An epidemiologist. A founding mother of Florida’s largest South Asian sorority. A pharmaceutical vice president. A businesswoman and executive chef. Vidya Maharaj encourages women to take risks and flourish in multiple professional and personal avenues simultaneously. Her motto of “straightening your crown,” motivates women to focus and chase after what they want, believing that they do not have to sacrifice ambitions and dreams in the face of adversity or pressure.
In the enclave of Sunset Harbor, her restaurant specializes in Indian-inspired vegetarian tapas that feature Indo Caribbean fusion delicacies. Maharaj discusses her unique journey from scientist to executive chef at the restaurant Diya Miami.
[btx_image image_id=”88195″ link=”/” position=”center” on_click=”none”]Photo Courtesy of Vidya Maharaj[/btx_image]
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Maharaj grew up in Trinidad and was influenced by the cuisine of women in her family.
“I grew up in Trinidad where I watched and helped my mother and aunt cook. We were raised vegetarian, with my favorite foods being roti with aloo (potato) or callaloo. I love Caribbean food, but there was always this curiosity about being Indian but not directly from India. When I moved here, I learned more about authentic Indian food and its origins. This led me to want to do something different, to take it to the next level and gravitate toward a fusion of Indian dishes.”
Indo Caribbean food is an eclectic mix of indigenous, African, Chinese and South Asian derived dishes that reflect its multicultural history. By growing up where exposure to diverse food is common, Maharaj’s interest in cooking was quickly ignited.
Her transition to becoming a full-time chef came after migrating to the U.S.
“When we immigrated, my parents, like most Indian parents, wanted me to be a doctor. I didn’t end up going into medical school, but got my degree in epidemiology and was interested in the lucrative business of pharmaceuticals.”
Maharaj worked in research with the goal of becoming a pharma executive. In 2019, her brother bought a restaurant that began as a mom-and-pop shop. They served traditional Indian food. Maharaj attended the soft opening in January 2020 and cooked butter paneer at her daughter’s request.
“It ended up becoming the most liked dish of the night and I just knew that I wanted to be a part of this journey with my family.”
Maharaj’s decision to join Diya Miami coincided with her ascent in pharmaceuticals. Like many careerists, she asked herself if she could raise her daughter, maintain her household, and thrive in her career at once. After being interested in a STEM career, could she successfully balance science with a creative pursuit such as cooking full-time?
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Maharaj was not intended to give up her original goal to join the family business. By “thinking outside the norm,” and with the support of her husband and family, she enrolled her daughter in online schooling while reinventing Diya’s menu at night and working from home during the day full-time.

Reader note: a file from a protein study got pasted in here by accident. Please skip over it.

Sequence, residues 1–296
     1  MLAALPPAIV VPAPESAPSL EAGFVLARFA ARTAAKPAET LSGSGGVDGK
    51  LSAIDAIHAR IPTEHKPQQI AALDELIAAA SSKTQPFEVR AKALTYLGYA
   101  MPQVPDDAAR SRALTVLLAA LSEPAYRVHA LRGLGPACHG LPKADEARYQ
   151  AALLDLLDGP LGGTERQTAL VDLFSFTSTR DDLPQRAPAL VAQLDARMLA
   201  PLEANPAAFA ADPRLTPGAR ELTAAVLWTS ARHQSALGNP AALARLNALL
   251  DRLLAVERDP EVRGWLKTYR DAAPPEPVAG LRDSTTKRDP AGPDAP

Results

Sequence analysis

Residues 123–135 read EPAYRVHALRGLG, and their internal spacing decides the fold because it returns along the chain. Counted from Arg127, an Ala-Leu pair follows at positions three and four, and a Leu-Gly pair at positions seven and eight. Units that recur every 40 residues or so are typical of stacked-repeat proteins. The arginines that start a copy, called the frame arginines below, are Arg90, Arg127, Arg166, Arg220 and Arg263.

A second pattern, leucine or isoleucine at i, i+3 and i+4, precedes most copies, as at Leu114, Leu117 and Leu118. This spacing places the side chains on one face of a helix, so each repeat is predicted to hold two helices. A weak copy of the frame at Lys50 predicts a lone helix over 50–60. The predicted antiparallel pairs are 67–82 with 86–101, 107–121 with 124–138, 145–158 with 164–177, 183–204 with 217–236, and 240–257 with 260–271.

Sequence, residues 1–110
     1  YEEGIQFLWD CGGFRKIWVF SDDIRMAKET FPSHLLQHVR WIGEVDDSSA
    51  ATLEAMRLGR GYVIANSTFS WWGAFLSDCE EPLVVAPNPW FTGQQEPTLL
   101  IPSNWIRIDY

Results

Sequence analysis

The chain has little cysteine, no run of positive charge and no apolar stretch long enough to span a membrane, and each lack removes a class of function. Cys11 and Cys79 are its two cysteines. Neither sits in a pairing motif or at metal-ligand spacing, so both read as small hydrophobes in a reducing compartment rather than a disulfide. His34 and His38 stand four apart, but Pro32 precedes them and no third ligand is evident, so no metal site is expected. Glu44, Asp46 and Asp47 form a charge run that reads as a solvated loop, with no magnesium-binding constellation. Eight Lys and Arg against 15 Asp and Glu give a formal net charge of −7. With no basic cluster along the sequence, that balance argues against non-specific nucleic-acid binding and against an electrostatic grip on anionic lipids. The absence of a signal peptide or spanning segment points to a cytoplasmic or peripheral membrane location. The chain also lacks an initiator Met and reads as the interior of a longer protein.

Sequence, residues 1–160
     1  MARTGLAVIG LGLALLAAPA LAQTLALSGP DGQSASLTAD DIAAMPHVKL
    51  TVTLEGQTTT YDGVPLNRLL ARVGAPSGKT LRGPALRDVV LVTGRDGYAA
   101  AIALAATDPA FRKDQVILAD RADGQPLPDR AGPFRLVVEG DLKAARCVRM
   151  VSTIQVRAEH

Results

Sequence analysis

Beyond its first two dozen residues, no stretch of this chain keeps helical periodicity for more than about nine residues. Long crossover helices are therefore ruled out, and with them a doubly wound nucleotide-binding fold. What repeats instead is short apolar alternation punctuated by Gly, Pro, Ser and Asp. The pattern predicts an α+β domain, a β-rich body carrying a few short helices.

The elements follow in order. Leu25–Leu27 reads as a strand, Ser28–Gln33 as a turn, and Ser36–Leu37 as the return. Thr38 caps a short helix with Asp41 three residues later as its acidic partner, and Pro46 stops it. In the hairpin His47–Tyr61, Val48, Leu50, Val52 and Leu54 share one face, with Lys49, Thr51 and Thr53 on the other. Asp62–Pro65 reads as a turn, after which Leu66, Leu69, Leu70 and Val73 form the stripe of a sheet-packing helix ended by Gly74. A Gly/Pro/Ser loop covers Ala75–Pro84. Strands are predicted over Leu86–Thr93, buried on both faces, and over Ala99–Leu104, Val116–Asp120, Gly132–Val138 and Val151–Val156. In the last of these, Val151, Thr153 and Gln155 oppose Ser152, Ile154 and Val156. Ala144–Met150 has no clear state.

Named after her mother, Diya’s dishes are inspired by family recipes passed from India to Trinidad, but represent a more global cuisine indicative of Miami’s international presence.
Maharaj says Diya Miami is unique to the area.
“We noticed a lack of fine Indian dining in Miami and wanted to challenge the stereotypes that Indian food is heavy or curry is disgusting. We provide next level service with high quality food and presentation. Our dishes have notes and hints of Indian cuisine, but are fused with a variety including: Latin, Italian, and Japanese.”
Diya Miami has an array of unique dishes on the menu. Maharaj says the Gobi Manchurian is one of the most unique and has a hidden Caribbean combination of garlic, onion and cilantro herb chutney.
“We make meatless dumplings cooked in simple spices and served with an in-house Goya sauce. For dessert, we have an eggless Ras Malai Tres Leches cake served in a jar with the sauces mixed!”
During the pandemic, Maharaj’s background in epidemiology made her, even more, health-conscious.
“When coronavirus disrupted the industry, I was dead set on showcasing how our food is anti-inflammatory with spices such as turmeric, cumin, coriander and curry leaves. Diya was stringent in abiding by all public health regulations.”
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For 2022, Maharaj has the goal of making Diya Miami completely vegan. Diya Miami would eventually like to produce a chef’s table and offer an 8-course Indian-inspired meal with items such as a Goan curry.
“We want to highlight Indian cuisine’s health benefits and organic vegetables and spices in a way that’s accessible to everyone.”
The response has been positive. Customers have mentioned that Diya Miami has the capability of contending for the prestigious James Beard Award. Individuals wary of Indian food and its spices have become repeat customers.
[btx_image image_id=”88193″ link=”/” position=”center” on_click=”none”]Photo Courtesy of Vidya Maharaj[/btx_image]
Maharaj praises her strong immigrant family that illustrates hard work and perseverance. She is thrilled to see more Indo Caribbean women highlighted as she navigates both the corporate and culinary spaces. She advocates to her daughter that, “mommy isn’t a quitter,” and implores women to, “not be scared of what’s ahead because failure is not an indication of success.”
As both a scientist and founder, Maharaj has intersecting passions. She hopes that her journey empowers other Indo-Caribbean women to overcome their reservations and be multifaceted, successful and leaders in various fields. Diya is located at 1766 Bay Rd, Miami Beach, FL 33139. To learn more about Diya Miami visit their website.